Document Type


Publication Date


Publication Title

Acta Radiol Open


Epidural injection; cervicalgia; neck rotation; vertebral artery


Background: Cervical transforaminal epidural steroid injections (CTFESIs) are sometimes performed in patients with cervical radiculopathy secondary to nerve-root compression. Neck movements for patient positioning may include rotation, flexion, and extension. As physicians performing such procedures do not move the neck for fear of injuring the vertebral artery, we performed fluoroscopy and cadaveric dissection to analyze any movement of the vertebral artery during head movement and its relation to the foramina in the setting of CTFESI.

Purpose: To determine cervical rotational positioning for optimized vertebral artery location in the setting of cervical transforaminal epidural steroid injections.

Material and Methods: Four sides from two Caucasian whole cadavers (all fresh-frozen) were used. Using a guide wire and digital subtraction fluoroscopy, we evaluated the vertebral artery mimicking a CTFESI, then we removed the transverse processes and evaluated the vertebral artery by direct observation.

Results: After performing such maneuvers, no displacement of the vertebral artery was seen throughout its course from the C6 to the C2 intervertebral foramina. To our knowledge, this is the first anatomical observation of its kind that evaluates the position of the vertebral artery inside the foramina during movement of the neck.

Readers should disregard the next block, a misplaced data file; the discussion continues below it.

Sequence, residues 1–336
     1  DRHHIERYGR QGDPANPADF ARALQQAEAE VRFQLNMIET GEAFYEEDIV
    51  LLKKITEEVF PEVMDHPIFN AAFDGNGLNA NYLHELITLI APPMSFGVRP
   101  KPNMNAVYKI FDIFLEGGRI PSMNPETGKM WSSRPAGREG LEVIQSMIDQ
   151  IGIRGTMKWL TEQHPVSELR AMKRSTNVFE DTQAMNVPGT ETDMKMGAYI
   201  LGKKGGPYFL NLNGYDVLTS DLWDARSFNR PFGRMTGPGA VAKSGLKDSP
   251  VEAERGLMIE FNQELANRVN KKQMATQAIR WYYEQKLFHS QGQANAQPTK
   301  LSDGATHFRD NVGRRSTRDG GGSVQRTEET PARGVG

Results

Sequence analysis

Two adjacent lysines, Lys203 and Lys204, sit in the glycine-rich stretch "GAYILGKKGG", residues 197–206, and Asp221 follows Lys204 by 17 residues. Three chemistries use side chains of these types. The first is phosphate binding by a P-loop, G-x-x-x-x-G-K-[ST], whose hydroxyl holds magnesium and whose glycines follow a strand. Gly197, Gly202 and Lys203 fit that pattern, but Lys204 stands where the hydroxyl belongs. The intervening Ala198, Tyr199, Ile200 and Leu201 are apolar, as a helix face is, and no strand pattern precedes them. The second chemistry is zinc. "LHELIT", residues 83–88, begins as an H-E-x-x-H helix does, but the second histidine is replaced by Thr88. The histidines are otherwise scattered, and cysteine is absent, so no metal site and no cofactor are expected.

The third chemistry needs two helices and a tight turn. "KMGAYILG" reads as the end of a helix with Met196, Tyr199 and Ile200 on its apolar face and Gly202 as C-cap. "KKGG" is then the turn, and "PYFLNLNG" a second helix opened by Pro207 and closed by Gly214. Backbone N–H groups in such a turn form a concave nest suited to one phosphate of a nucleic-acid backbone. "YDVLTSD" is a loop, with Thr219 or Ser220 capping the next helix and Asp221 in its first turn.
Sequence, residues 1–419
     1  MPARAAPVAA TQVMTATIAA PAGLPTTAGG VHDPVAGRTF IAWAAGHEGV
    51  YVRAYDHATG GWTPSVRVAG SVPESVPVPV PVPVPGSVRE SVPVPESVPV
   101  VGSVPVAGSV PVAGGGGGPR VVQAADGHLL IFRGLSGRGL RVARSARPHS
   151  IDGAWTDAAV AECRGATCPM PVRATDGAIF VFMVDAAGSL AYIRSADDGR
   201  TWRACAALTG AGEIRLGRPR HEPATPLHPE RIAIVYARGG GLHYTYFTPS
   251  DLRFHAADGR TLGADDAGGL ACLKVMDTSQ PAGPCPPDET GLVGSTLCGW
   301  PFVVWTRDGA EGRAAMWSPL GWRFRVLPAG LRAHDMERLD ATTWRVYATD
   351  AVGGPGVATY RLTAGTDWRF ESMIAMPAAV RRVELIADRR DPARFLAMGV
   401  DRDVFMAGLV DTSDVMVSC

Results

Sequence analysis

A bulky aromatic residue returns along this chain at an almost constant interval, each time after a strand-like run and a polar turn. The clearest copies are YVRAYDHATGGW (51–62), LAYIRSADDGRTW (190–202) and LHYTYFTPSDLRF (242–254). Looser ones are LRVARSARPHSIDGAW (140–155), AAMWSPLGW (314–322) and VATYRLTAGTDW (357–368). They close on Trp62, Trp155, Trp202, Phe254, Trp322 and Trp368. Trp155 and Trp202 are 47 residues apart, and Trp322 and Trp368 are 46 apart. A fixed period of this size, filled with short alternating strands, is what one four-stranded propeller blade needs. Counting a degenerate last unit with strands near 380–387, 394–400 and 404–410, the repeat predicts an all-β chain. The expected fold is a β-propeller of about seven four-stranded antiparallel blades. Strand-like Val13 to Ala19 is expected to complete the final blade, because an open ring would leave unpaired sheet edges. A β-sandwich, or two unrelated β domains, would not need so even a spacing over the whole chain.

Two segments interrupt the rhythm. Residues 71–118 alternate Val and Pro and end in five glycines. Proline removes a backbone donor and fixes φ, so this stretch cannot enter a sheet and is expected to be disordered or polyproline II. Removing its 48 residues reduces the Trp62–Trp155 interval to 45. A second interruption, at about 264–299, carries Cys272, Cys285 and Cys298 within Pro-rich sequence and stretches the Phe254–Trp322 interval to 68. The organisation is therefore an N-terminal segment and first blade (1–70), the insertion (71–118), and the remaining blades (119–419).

Conclusion: Special caution should be given to the medial border of the intervertebral foramina when adjusting the target site and needle penetration for the injection. This is especially true for C6-C4 levels, whereas for the remaining upper vertebrae, the attention should be focused on the anterior aspect of the foramen. Since our study was centered on the vertebral artery, we do not discard the need for contrast injection and real-time digital subtraction fluoroscopy while performing the transforaminal epidural injection in order to prevent other vascular injuries.

Clinical Institute

Neurosciences (Brain & Spine)




Pathology & Laboratory Medicine